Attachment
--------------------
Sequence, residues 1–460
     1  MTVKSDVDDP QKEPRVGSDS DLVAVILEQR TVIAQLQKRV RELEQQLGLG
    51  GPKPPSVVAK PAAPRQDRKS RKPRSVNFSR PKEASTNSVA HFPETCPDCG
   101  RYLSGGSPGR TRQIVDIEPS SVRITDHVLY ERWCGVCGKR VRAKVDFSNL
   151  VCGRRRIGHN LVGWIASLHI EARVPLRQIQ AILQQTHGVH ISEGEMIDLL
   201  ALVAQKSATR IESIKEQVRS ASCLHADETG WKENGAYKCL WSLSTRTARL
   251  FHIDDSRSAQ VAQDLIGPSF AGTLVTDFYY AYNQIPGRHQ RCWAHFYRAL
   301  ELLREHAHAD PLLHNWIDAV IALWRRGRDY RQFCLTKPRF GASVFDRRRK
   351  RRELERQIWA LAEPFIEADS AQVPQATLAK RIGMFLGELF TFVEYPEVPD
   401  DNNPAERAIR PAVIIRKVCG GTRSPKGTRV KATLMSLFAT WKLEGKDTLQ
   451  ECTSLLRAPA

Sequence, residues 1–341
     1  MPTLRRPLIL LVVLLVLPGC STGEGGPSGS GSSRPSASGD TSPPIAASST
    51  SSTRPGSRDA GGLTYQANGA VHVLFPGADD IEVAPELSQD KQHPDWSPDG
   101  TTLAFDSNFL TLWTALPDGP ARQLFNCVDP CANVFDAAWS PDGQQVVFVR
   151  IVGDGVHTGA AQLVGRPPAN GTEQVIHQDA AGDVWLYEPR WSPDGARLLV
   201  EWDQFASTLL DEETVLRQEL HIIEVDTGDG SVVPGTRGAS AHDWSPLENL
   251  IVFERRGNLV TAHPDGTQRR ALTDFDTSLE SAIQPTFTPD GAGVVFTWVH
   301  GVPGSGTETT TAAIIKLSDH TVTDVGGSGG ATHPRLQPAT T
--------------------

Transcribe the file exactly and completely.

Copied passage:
Sequence, residues 1–460
     1  MTVKSDVDDP QKEPRVGSDS DLVAVILEQR TVIAQLQKRV RELEQQLGLG
    51  GPKPPSVVAK PAAPRQDRKS RKPRSVNFSR PKEASTNSVA HFPETCPDCG
   101  RYLSGGSPGR TRQIVDIEPS SVRITDHVLY ERWCGVCGKR VRAKVDFSNL
   151  VCGRRRIGHN LVGWIASLHI EARVPLRQIQ AILQQTHGVH ISEGEMIDLL
   201  ALVAQKSATR IESIKEQVRS ASCLHADETG WKENGAYKCL WSLSTRTARL
   251  FHIDDSRSAQ VAQDLIGPSF AGTLVTDFYY AYNQIPGRHQ RCWAHFYRAL
   301  ELLREHAHAD PLLHNWIDAV IALWRRGRDY RQFCLTKPRF GASVFDRRRK
   351  RRELERQIWA LAEPFIEADS AQVPQATLAK RIGMFLGELF TFVEYPEVPD
   401  DNNPAERAIR PAVIIRKVCG GTRSPKGTRV KATLMSLFAT WKLEGKDTLQ
   451  ECTSLLRAPA

Sequence, residues 1–341
     1  MPTLRRPLIL LVVLLVLPGC STGEGGPSGS GSSRPSASGD TSPPIAASST
    51  SSTRPGSRDA GGLTYQANGA VHVLFPGADD IEVAPELSQD KQHPDWSPDG
   101  TTLAFDSNFL TLWTALPDGP ARQLFNCVDP CANVFDAAWS PDGQQVVFVR
   151  IVGDGVHTGA AQLVGRPPAN GTEQVIHQDA AGDVWLYEPR WSPDGARLLV
   201  EWDQFASTLL DEETVLRQEL HIIEVDTGDG SVVPGTRGAS AHDWSPLENL
   251  IVFERRGNLV TAHPDGTQRR ALTDFDTSLE SAIQPTFTPD GAGVVFTWVH
   301  GVPGSGTETT TAAIIKLSDH TVTDVGGSGG ATHPRLQPAT T